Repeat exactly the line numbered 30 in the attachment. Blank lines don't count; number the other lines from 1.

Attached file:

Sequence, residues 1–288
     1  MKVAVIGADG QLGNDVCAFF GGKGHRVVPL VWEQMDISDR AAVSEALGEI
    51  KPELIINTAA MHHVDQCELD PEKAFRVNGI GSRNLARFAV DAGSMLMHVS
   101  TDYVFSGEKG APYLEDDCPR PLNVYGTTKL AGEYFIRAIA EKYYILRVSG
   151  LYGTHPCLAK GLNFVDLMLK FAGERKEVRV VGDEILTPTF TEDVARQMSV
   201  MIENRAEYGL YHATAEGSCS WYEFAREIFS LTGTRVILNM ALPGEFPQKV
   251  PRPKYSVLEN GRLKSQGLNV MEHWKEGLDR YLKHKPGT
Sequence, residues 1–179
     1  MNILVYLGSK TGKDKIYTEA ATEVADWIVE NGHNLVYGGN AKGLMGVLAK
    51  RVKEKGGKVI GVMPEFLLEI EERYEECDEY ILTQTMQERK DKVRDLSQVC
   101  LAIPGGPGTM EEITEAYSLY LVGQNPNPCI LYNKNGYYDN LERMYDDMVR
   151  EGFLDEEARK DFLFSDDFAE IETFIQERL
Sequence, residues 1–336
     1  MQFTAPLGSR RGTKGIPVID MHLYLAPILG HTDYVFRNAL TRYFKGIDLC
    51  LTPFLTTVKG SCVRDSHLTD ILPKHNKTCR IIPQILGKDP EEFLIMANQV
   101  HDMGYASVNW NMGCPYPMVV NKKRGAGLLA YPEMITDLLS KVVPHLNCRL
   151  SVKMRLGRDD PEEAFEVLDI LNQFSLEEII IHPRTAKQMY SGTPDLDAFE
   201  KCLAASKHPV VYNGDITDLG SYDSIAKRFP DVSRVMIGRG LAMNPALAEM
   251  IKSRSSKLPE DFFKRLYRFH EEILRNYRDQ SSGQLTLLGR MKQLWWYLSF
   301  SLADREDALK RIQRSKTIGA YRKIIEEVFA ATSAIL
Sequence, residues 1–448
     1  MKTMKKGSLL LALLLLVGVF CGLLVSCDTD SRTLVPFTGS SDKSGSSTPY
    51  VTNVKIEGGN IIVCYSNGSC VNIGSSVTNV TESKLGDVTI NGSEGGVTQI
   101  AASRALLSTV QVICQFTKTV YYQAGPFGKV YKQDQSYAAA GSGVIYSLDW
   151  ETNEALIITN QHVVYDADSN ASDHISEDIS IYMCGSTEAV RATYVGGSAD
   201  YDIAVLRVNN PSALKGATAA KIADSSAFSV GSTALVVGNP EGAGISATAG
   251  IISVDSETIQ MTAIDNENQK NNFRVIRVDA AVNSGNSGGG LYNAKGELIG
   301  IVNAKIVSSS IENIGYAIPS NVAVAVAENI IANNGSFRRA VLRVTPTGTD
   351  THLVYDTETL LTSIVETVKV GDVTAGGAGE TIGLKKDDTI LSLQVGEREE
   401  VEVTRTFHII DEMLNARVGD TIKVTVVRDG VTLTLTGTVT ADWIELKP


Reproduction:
   401  VEVTRTFHII DEMLNARVGD TIKVTVVRDG VTLTLTGTVT ADWIELKP